Magic for Liars by Sarah Gailey

I’ve read reviews of this one and it sounds like something I might like: magical school, secret societies, and murder! It’s also a stand-alone novel, so I’ll avoid getting into another series.

Sword of Destiny by Andrzej Sapkowski

I started to read The Witcher books in 2019 with The Last Wish and I’m two thirds of the way through Netflix’s show. Sword of Destiny is the second book and, like the first, is a series of short stories.

Fireborne by Rosaria Munda

I picked this book up at New York Comic-Con and it has dragonriders. I also loved how excited the author was about the story, but I think it could be the start of another series.

Salvation by Peter F. Hamilton

I think that Peter Hamilton is one of my favorite science fiction authors, writing very long and complicated stories with some unique characters. This is the first book in his newest series.

A Blight of Blackwings by Kevin Hearne

I ended up reading the first book in this series, A Plague of Giants, after picking it up at New York Comic-Con also and loved the way this story was told (my review). I received this second volume from Net Galley and I’m looking forward to where the story goes next. Pre-order now for a February 4 release date.

The Ten Thousand Doors of January by Alix E. Harrow

This book is a portal fantasy and I read some reviews of it that made it sound like something I’d like. Then it was on sale so I picked up a copy. I really like the cover, also.

The Ballad of Songbirds and Snakes by Suzanne Collins

A new Hunger Games book! This will be out in May 2020 and while I didn’t love the original series as much as some people, it was a quick and solid read.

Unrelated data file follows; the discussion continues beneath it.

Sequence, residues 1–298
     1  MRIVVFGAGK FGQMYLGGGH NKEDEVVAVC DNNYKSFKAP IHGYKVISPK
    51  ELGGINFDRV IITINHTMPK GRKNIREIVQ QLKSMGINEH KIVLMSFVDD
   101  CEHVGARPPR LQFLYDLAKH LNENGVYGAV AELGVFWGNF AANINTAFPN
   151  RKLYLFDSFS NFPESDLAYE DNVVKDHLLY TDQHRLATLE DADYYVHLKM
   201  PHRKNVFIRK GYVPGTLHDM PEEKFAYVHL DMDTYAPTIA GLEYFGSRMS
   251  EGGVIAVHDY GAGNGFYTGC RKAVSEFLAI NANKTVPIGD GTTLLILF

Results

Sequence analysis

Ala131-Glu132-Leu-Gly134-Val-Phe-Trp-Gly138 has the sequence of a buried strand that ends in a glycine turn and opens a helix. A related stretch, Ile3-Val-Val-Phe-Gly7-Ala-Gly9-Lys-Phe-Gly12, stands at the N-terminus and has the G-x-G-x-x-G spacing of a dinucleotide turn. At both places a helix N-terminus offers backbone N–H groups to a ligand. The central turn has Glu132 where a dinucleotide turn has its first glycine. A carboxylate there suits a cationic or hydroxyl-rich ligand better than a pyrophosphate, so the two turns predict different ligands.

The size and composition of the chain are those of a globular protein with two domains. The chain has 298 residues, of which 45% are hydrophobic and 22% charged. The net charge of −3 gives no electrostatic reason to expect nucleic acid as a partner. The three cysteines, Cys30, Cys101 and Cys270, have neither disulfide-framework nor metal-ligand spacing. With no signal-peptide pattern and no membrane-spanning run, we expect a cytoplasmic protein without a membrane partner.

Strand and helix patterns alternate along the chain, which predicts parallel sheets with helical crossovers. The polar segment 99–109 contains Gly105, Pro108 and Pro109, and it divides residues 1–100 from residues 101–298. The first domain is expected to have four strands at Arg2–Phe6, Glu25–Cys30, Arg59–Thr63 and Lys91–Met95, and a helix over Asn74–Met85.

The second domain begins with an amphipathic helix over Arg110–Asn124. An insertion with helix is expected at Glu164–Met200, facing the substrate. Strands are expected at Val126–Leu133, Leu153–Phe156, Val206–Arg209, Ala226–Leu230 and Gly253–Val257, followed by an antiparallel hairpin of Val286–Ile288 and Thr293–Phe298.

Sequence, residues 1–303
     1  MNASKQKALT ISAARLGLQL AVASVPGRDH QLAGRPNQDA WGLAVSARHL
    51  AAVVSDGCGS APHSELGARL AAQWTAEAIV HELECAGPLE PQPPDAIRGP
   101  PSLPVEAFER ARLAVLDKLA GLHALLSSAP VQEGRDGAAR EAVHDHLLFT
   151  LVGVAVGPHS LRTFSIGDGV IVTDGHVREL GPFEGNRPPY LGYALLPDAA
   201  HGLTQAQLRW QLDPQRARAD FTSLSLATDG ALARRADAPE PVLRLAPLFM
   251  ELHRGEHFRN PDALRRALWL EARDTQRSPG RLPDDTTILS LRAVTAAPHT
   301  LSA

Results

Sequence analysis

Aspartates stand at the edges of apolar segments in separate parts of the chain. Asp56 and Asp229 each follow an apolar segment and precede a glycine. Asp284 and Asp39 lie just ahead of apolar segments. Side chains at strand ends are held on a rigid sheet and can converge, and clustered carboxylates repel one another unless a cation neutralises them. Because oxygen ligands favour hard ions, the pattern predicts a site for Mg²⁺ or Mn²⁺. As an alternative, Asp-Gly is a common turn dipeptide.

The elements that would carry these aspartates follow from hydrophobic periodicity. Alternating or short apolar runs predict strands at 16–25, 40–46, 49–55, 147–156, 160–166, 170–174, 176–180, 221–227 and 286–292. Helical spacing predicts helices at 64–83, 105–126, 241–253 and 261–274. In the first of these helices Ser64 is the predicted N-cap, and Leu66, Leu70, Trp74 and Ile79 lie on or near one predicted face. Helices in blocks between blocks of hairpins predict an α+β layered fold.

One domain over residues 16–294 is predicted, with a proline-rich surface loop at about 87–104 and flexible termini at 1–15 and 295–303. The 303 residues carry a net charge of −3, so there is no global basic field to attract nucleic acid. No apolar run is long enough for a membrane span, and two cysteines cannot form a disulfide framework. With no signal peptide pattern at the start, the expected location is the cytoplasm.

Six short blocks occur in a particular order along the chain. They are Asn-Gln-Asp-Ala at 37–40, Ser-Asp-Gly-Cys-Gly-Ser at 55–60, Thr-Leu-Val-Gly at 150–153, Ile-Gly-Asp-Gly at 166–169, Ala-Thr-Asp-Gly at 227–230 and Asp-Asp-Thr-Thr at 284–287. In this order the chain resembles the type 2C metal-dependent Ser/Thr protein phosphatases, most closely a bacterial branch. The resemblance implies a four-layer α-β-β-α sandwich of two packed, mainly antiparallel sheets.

That’s hardly all of the books that I’m excited about for 2020. I was tempted to put The Winds of Winter or Doors of Stone on this list, but until I see a definite release date on those, I’m not going to get too excited about them. If you’d like to purchase any of these other books through my Amazon affiliate links it will help support this blog.

See all of my book reviews here.

Book Review – Anyone

This book was a random choice for me and turned out to be one of the best books I read this year. Anyone by Charles Soule is a page-turner that asks how the world would be different if you could transfer your consciousness into another person. I received a copy of this book from the publisher through NetGalley in exchange for an honest review.

The story in Anyone occurs in two separate timelines. One of these follows Gabriella White, a brilliant neuroscientist, as she works in her home laboratory and accidentally transfers her consciousness into her husband’s body. She immediately realizes the potential ramifications of such a technology and, after figuring out how to return to her own body, fights to make sure that her discovery doesn’t fall into the wrong hands.

The second timeline falls twenty-five years later. Annami is a young woman working for the corporation that runs all of the world’s “flash” technology, through which Gabby’s discovery allows customers to hop into other bodies all over the world. Annami is living some sort of double life and has plans for revenge. Initially, her motivations are unclear, but as the book unfolds, the separate plots come together and we learn how the world (and Annami) evolved to reach their current state.